Solar Lighting for a Shelter

Solar lighting was installed in a modified sea container used as a bicycle shelter.
The stand alone (off-grid) solar power was provided by 12v LED lighting powered by batteries that are charged by a solar panel.


  • Solar power is provided by a 20 watt 12V solar panel generating about 4 Ah of battery charge in one day, based on an average of 4 hours of peak sunlight per day.
  • 12V battery power is provided by a14.4 amp hour, 12 volt AGM sealed battery.
  • Solar regulation (charge control) to the batteries is performed by a 6A 12V solar regulator.
  • LED Lighting is provided by two 4.2 watt, 12 volt LED dome lights activated by a motion sensor. They each produce about 40 lux at a distance of one meter from the light and will use 1.3Ah of battery power per night if the lights are activated on 100 occasions.
  • Wiring of components was done with 1.84mm2 twin core double insulated low voltage cable, suitable for the low currents flowing through the system and the short cable lengths produce very little voltage drop. All runs were laid inside protective 16mm electrical conduit.

Solar panel

A 20 watt solar panel was not available at the time, so two 10 watt solar panels were bolted together by drilling two 6mm bolt holes though the adjoining sides and also a larger 10mm hole drilled to pass a cable from one panel’s junction box to the other in order to wire the panels in parallel (to double the current while maintaining the voltage at 12V).
Care was taken to protect the back of the panels with a thin sheet of wood while drilling and fitting the bolts.
Once mechanically and electrically joined it was effectively a 10 watt 12volt solar panel.
Brackets were then fabricated to tilt the solar panel as the roof is flat and it is best to tilt the solar panel toward the north ( in Australia) to allow better sun exposure. Tilting also helps to keep the panels clean as dirt and debris is more easily washed off by rain and swept off by wind.

Two 5 watt solar panels bolted together with cable joining the junction boxes

Tilt feet brackets attached to the regular flat mounting feet brackets


The two lights were wired together in parallel with the cables run inside flexible electrical conduit and joining at a central 3-way junction box then as a single cable to the power supply.

Solar lighting LED lights in conduit

Lights connected in parallel with cables inside electrical conduit

Two LED lights joined at the 3-way junction box

Battery and solar regulator enclosure

Two 7.2 Amp hour, 12 volt sealed AGM batteries were connected in parallel to make up one 14.4 Ah battery.
The batteries and solar regulator were placed in a 200mm by 200mm by 130mm PVC weatherproof electrical enclosure. The motion sensor was mounted in the lid of the enclosure by cutting out a rectangle to size and fixing it in position with PVC adhesive. Two 12mm holes were drilled in the top and cable glands fitted to allow entry of the lighting and solar panel cables.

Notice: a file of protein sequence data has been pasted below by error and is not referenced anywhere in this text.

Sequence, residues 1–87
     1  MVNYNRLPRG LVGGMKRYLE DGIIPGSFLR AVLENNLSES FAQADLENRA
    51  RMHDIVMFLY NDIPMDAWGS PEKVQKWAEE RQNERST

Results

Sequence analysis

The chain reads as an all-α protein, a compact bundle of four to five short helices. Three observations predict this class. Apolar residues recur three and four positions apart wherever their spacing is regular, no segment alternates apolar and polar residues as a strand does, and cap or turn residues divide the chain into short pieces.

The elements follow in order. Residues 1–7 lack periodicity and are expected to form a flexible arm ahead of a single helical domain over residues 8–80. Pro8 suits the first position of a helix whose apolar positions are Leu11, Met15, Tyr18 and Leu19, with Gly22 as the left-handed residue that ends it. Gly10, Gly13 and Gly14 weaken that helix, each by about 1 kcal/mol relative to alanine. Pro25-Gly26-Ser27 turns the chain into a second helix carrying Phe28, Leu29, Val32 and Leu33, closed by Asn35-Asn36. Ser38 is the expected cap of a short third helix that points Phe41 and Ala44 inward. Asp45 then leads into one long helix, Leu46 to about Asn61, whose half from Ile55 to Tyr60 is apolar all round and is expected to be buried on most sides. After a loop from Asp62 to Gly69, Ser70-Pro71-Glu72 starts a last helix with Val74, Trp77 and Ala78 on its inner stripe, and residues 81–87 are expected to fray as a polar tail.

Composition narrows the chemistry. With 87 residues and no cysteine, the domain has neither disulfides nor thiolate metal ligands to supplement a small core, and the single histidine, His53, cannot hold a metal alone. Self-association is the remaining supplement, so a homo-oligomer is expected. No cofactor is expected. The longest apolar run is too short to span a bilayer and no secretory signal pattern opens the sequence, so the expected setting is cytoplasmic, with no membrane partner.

Additional mounting brackets were fabricated to hold the box more securely and also to cover the lid removal screws to prevent tampering.

Enclosure holding batteries and solar regulator with motion sensor in the lid and cable glands fitted to top side

Enclosure with motion sensor in lid and mounting brackets made from angle iron

Installation procedure

  1. First the battery and solar regulator enclosure was installed in a position where the motion sensor, which is mounted in the lid, would be most effective. The box was fixed in position using the four corner mounting holes with the lid removed so as to allow access to the inside.
  2. Then the lights were installed by first passing the free end of the lighting power cable through one of the two cable glands fitted to the box then fixing the conduit containing the wiring to the roof of the shelter with conduit saddles held with self drilling screws (8g x 12mm button head) These are very useful as they can be screwed in just using an electric drill with a 200mm long Philips screwdriver attachment

Battery box with front cover removed to
connect wires from solar panel and lights.

LED dome lights installed with wiring protected inside flexible electrical conduit

  1. After that the solar panel was installed on the metal roof directly above the battery enclosure to keep cable lengths as short as possible. First a 12mm cable entry hole was drilled in the roof, then a 12 mm cable gland was inserted to seal the cable entry point and the cable was fed through to the battery box. Then the solar panel was fixed in position by drilling 6mm holes through the feet and the roof and secured with 6mm bolts and nuts (zinc coated for exterior use).

Solar panel installed on roof with tilt feet added for better performance

Fitting the security mounting brackets after testing the complete system

  1. Once the lights and solar panel were installed the electrical connections inside the enclosure were completed. The motion sensor, lights and solar regulator were first connected to the battery.
    Then the solar panel was connected up (it should always be connected last).
    The system was now operational and the solar regulator indicator showed the solar panel was charging the battery
  2. The final step was to test the motion sensor and secure the enclosure with the fabricated brackets, screwed to the wall with self drilling screws.